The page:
Windows 7 Beta
is just around the corner, and yet, nowhere near close enough. But at the same time, Windows 7 pre-Beta Build 6956 is already here. The Build was showcased at the Windows Hardware Engineering conference in China, and subsequently leaked and made available for download both as a VHD and as an ISO
. Windows 7 pre-Beta Build 6801 Mileastone 3, released at the Professional Developers Conference 2008 and WinHEC 2008 US had a similar fate. From 6801 to 6956, the evolution of Windows 7 is indisputable, as the operating system is moving away from Windows Vista and more towards, well, Windows 7. This should be evident in the following Windows 7 Build 6956 gallery featuring no less than 160 screenshots of the operating system.
160 screenshots of Build 6956 of the next iteration of the Windows client offer an ample opportunity to get a taste of what the fully-fledged Beta version of the platform will bring to the table. In Build 6801
, Microsoft blocked some of the best features of Windows 7, namely those based on the evolution of the graphical user interface. This is no longer valid in Build 6956. Features like Aero Peek, Aero Snaps, the new Taskbar (the Superbar), Aero Shake and even wallpaper slideshow are now available without having to resort to a hack to dig them from under Microsoft's limitations.
One thing is for sure. The Windows 7-specific feature set of components that were set free in Build 6956 has been available as early as Milestone 3 (Build 6801) in the operating system. Microsoft is in fact not adding much in the jump from M3 to Beta; it is only perfecting the release, taking care of all the details that were apparently considered not ready for the general public at the end of October/the start of November.Two sides to Windows 7 Build 6956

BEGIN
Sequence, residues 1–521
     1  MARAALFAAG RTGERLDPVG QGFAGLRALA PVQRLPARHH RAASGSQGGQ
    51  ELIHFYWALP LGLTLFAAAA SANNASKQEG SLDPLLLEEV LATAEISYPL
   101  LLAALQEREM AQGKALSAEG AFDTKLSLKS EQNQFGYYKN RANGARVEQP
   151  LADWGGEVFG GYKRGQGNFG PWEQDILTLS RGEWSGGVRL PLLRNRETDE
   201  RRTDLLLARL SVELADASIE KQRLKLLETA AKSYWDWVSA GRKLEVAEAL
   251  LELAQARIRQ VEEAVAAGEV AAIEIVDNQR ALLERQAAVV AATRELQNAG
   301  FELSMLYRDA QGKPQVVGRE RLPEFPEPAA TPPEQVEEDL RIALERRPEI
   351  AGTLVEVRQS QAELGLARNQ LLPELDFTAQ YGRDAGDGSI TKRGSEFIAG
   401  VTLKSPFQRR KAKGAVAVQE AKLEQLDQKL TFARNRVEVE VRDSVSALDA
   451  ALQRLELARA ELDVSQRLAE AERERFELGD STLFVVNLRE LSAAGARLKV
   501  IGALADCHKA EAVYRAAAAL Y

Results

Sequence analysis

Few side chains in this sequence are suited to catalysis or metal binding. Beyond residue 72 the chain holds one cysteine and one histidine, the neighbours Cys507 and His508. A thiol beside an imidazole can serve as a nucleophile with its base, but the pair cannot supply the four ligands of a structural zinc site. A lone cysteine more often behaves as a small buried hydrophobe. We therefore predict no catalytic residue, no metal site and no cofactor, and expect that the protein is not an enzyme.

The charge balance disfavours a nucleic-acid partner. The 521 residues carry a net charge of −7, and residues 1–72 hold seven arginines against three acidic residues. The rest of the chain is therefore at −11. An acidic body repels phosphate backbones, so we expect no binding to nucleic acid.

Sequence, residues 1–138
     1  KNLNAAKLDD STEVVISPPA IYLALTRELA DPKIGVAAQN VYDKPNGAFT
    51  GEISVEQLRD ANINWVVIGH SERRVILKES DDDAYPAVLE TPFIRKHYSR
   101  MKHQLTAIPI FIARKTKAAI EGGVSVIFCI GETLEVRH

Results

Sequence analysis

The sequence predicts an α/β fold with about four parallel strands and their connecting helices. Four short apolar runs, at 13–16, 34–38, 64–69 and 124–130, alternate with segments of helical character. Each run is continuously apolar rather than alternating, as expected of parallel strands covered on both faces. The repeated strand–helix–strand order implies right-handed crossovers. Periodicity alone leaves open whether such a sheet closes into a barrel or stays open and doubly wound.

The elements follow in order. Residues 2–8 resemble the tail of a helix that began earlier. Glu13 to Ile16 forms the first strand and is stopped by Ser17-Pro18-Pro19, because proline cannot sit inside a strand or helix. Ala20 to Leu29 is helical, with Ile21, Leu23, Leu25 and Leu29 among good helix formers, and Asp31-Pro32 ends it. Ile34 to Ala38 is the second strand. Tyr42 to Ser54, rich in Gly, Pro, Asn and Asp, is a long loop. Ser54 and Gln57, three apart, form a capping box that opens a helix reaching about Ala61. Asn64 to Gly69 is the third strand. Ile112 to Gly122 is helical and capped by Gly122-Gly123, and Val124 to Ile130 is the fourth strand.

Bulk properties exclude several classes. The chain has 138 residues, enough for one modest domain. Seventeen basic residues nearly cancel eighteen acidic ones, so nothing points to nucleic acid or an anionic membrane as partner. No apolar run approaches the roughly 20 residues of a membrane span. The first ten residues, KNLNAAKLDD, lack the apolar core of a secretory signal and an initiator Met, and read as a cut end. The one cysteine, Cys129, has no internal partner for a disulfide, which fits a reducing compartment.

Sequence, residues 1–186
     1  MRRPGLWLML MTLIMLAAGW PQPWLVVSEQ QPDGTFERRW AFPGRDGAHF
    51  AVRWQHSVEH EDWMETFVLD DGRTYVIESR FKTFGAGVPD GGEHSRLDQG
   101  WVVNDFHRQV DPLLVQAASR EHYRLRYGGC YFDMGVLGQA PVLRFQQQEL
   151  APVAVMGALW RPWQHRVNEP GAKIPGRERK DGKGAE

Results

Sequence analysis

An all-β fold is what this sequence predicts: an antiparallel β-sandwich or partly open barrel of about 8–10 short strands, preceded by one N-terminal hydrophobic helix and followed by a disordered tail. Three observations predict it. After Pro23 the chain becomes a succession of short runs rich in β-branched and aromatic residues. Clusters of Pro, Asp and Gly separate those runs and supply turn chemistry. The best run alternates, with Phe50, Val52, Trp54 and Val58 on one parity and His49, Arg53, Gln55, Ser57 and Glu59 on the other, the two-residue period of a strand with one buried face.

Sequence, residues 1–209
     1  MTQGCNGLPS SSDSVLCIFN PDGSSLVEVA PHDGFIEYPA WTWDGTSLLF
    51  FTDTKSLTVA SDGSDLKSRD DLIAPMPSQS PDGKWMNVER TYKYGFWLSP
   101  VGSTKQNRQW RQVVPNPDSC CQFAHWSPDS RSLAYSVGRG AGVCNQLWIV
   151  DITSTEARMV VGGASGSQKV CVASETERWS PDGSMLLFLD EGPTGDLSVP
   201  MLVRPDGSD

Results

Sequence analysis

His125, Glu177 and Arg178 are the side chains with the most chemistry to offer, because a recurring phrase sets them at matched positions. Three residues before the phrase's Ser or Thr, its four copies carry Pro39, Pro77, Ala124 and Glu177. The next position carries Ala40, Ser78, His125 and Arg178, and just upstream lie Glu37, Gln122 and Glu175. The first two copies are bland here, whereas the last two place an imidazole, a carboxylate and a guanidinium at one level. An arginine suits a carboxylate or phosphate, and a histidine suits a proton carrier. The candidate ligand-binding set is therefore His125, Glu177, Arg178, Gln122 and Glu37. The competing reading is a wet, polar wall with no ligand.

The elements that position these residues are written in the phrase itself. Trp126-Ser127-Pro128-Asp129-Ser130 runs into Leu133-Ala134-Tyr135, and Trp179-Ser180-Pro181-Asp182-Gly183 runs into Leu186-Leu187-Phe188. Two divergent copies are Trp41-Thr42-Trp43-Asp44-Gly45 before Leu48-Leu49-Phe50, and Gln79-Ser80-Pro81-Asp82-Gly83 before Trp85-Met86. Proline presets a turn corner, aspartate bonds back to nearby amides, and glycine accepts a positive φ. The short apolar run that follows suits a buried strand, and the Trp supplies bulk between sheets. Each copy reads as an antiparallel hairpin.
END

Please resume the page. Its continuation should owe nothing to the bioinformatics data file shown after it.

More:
Still, there are two sides to Windows 7 Build 6956, in accordance with the graphical user interface. Build 6956 will never manage to feel more like a Windows Vista Release 2 than without Aero and the GUI enhancements specific to Windows 7. At this point in the development of Windows 7, users will find that if they are forced to switch Aero off because of inferior machines, or because of the need to squeeze every last drop of performance out of the hardware, Windows 7 will show its “ugly” Vista face. But with Aero fully enabled, Windows 7 is without a doubt the next major version of the Windows client; well, quasi-major, but still.The feel – minus Aero
Running Windows 7 Build 6956 in a virtual machine with some 1.6 GB of DDR3 and an Intel Core Duo processor at 3 GHz delivers a superior performance compared to Windows Vista. When it comes down to the way the operating system feels – no benchmarking involved, mind you – Windows 7 is superior to Windows Vista, Aero on or off. The actual impression of performance is immensely important, as Microsoft has learned with Windows Vista. While the company claimed that Vista was on par with Windows XP and supported the claims with benchmarking statistics, the actual user experience spoke to the contrary. And truth is that, even at Build 6956, Windows 7 feels lighter, faster, smoother, compared to Windows Vista.